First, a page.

Explore Adirondack Park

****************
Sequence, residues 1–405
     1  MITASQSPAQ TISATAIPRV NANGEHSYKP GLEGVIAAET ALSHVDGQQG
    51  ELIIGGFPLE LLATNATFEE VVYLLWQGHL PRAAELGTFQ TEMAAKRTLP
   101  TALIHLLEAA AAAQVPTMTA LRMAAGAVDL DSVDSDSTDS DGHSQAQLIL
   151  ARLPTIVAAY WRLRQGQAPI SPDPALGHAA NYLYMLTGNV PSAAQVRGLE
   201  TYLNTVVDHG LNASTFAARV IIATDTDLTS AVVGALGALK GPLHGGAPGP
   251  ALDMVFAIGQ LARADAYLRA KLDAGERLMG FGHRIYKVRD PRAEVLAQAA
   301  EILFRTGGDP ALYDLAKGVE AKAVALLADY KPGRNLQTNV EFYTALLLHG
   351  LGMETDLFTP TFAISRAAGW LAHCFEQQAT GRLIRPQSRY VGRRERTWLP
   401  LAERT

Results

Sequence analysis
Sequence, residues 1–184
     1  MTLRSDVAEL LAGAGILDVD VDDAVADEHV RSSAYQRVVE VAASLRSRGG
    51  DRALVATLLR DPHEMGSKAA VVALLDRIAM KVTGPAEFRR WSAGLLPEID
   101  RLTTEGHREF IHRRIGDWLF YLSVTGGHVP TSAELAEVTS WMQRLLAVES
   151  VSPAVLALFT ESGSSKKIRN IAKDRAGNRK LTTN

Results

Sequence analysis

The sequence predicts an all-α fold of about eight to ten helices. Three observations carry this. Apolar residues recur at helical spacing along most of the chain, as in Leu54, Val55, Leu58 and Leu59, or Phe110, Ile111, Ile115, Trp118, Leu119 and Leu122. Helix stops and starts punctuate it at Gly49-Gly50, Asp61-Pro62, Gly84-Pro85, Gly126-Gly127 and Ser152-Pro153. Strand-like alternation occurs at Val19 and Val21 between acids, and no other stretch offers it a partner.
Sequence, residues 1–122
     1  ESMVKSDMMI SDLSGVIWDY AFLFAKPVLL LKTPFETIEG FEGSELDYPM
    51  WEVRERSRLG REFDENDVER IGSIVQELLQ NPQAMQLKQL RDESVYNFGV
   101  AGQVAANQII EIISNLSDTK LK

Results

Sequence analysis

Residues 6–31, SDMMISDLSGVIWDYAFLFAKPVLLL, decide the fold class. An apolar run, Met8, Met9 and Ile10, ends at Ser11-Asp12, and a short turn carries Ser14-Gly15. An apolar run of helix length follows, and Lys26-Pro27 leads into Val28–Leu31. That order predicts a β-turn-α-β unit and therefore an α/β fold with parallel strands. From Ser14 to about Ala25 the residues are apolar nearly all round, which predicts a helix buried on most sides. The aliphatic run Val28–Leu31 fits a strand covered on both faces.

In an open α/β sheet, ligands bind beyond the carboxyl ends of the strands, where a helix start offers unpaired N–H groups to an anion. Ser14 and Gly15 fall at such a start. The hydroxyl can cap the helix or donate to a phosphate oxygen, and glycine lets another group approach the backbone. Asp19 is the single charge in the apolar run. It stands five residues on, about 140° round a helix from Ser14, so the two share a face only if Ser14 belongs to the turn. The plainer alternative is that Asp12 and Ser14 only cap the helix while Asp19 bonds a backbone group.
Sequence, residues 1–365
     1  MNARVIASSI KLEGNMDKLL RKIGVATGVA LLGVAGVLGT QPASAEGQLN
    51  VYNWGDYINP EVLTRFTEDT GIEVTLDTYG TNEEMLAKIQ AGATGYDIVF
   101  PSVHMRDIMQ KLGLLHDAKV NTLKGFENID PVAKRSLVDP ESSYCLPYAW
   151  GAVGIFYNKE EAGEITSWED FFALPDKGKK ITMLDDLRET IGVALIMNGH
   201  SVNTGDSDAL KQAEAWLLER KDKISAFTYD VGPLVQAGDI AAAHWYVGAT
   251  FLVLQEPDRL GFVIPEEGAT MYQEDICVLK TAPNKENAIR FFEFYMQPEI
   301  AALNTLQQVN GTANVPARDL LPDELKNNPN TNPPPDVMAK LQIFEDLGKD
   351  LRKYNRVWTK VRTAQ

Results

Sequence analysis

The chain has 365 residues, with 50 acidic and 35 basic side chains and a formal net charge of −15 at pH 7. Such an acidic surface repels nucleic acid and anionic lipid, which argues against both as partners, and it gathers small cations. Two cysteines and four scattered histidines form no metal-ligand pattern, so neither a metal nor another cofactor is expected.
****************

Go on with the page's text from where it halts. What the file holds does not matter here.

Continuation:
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Adirondack Park is a state park that is more like a state than a park. Its “blue line” perimeter encircles 9,500 square miles – as much as its neighbor, Vermont – and includes more than a hundred towns and villages, serving the needs of 130,000 year-round inhabitants. It also captures the largest protected forested areas in the northeast, and the highest peaks in the Empire State. The eastern side of the park is dominated by the Champlain Valley, the most developed part of the park. West of the interstate, further into the park, varieties of Adirondack style and history can be found on plain view in communities and at interpretive sites, though much is still hidden on private club land and remote family camps. Most development is on the shores of lakes, which are the park’s primary attraction, many of which were made by dams to power mills and float logs. While the extraction of timber transformed the Adirondacks more than anything else, mineral extraction has been, and continues to be, transformative too.